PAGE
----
Unlike its competitors, Fortescue is almost entirely exposed to the price of iron ore. BHP, for example, has been able to offset the fall in iron prices with rising coking coal prices. But a series of recent announcements has shown the company’s eagerness to diversify its business.  

Together with the Queensland government, Fortescue Metals founder Andrew Forrest unveiled plans for the world’s largest green hydrogen equipment manufacturing plants in October, committing $1 billion to the project via Fortescue Future Industries.  

Hydrogen is firming as a major front in the race to decarbonise economies. It can be burnt for fuel without producing any carbon dioxide or other greenhouse gas emissions

Fortescue Metals founder Andrew Forrest

Fortescue Metals founder Andrew Forrest and the QLD premier unveiled the world’s largest green hydrogen manufacturing facility in early October.

Morningstar analysts are yet to incorporate value from Fortescue's investment in green hydrogen as they say uncertainty surrounds the projects. However, they say the move aligns with the iron ore price in decline and foresee upside if FMG can secure first-mover advantage.  

"I think it's really early days," Hodge says. “They're investing $1 billion a year in Fortescue Future Industries. That's not huge relative to the valuation or cash flows. It becomes more material if the iron ore price is sub $100 but it's a big dream at this stage.

“They're not alone and hydrogen is going to be a big market that attracts a lot of players. It's not clear to me what they bring that others won't. Maybe it's impossible for that to be clear at this time because the industry is at such a land grab, early stage.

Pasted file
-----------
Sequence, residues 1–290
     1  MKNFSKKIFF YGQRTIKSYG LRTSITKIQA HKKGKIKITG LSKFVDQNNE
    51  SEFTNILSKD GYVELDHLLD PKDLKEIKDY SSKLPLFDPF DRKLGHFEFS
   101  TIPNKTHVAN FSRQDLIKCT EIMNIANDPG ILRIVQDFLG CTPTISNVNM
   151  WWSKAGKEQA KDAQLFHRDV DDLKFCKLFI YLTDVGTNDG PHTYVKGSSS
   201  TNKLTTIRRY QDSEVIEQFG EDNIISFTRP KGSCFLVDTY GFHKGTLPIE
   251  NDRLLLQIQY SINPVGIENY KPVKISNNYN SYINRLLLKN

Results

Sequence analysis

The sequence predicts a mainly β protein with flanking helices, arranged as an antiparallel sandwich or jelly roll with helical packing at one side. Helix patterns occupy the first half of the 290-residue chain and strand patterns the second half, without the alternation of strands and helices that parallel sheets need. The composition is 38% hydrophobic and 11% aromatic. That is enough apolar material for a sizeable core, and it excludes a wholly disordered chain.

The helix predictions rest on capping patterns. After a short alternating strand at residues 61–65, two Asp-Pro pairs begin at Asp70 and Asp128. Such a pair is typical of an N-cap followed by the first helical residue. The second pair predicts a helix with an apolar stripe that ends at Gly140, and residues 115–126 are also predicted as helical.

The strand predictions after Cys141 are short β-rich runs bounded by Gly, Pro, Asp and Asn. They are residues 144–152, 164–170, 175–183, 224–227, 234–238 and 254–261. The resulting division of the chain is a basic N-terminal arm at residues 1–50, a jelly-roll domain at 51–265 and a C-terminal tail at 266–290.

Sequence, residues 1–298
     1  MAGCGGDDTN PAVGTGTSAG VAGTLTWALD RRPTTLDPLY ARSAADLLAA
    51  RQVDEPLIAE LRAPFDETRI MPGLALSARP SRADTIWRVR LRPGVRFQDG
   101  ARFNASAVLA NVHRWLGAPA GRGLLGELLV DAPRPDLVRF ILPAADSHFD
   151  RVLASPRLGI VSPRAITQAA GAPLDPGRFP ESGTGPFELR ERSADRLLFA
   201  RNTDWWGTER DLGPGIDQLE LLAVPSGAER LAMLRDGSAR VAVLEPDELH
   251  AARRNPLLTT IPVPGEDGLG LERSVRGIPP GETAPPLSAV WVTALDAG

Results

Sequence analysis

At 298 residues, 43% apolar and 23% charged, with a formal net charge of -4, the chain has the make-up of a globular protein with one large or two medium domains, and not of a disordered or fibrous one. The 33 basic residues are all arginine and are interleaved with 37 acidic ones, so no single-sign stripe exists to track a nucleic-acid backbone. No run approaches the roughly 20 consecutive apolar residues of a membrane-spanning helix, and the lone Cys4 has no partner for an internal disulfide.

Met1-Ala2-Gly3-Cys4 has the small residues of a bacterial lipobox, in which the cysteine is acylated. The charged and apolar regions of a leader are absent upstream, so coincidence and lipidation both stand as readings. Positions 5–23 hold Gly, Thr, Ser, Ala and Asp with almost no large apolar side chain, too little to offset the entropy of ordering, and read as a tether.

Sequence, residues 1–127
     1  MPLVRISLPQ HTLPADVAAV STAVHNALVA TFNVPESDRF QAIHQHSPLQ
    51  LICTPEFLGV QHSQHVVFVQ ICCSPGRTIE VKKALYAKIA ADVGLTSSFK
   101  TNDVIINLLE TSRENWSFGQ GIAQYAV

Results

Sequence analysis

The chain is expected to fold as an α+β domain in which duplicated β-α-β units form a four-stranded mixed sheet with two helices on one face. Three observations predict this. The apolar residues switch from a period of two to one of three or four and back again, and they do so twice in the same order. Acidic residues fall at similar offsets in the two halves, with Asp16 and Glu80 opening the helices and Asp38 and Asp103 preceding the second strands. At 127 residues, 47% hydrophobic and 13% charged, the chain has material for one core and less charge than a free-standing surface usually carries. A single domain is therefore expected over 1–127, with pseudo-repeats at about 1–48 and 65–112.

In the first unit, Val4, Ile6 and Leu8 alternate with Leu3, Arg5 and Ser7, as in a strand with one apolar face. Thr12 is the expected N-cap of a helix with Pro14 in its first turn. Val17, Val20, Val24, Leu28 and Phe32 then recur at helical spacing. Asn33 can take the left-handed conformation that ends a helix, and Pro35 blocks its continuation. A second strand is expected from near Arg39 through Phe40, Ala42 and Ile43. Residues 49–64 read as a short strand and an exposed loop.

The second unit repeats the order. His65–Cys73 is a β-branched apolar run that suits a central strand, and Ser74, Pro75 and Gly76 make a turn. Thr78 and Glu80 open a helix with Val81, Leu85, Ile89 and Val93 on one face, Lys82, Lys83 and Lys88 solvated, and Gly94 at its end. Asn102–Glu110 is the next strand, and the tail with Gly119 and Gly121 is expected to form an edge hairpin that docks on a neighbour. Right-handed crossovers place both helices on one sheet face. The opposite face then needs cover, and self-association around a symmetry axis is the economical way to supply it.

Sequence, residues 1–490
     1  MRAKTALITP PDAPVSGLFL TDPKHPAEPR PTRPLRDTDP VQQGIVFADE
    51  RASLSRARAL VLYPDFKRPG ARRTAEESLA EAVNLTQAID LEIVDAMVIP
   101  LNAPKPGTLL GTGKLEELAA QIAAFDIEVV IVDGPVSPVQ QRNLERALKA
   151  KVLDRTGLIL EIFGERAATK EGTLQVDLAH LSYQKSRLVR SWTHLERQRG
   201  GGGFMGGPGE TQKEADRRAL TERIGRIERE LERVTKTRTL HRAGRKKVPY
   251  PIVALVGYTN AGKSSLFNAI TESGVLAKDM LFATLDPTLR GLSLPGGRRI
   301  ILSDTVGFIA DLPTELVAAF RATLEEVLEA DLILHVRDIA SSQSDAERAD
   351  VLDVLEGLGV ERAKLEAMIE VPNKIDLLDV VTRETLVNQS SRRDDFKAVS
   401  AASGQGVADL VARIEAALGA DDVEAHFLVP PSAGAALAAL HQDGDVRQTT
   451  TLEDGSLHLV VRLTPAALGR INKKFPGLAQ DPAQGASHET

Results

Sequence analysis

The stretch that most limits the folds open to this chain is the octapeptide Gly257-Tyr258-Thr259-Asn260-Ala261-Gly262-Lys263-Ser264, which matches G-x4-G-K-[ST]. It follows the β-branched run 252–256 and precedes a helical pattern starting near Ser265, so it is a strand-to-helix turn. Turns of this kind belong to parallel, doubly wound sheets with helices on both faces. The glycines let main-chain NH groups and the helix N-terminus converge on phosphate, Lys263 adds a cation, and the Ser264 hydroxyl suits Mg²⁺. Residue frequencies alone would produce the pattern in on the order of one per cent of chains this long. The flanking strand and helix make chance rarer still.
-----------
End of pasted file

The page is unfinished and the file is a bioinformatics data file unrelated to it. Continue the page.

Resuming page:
"At this stage, we assume neither value creation nor destruction, which is ultimately an assumption that they'll earn their cost of capital from the investments they make." 

Materials sector slips in the September quarter 

The materials sector significantly underperformed the broader index in the September quarter, falling 14% versus a 1% fall for the Morningstar Australia Index. This was due to the weak performance of the major iron ore miners. More than half of the market cap for the sub-index sits with the major iron ore miners, hence the iron ore price is the main performance driver. 

Hodge says he's yet to see "bargains" amongst the major iron ore miners—Rio Tinto, BHP Group, and Fortescue—with all three trading at three-stars.  

"We still see the copper- and iron ore-exposed miners as the greatest beneficiaries of China’s fixed-asset stimulus and as the most overvalued.  

For opportunities, he recommends Newcrest trading at a 15% discount to fair value. 

Morningstar basic materials coverage, top 5 by market cap

Basic materials

Source: Morningstar

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is the editorial manager for Morningstar Australia. Connect with Emma on Twitter @rap_reports. You can email Morningstar's editorial team editorialAU[at]morningstar[dot]com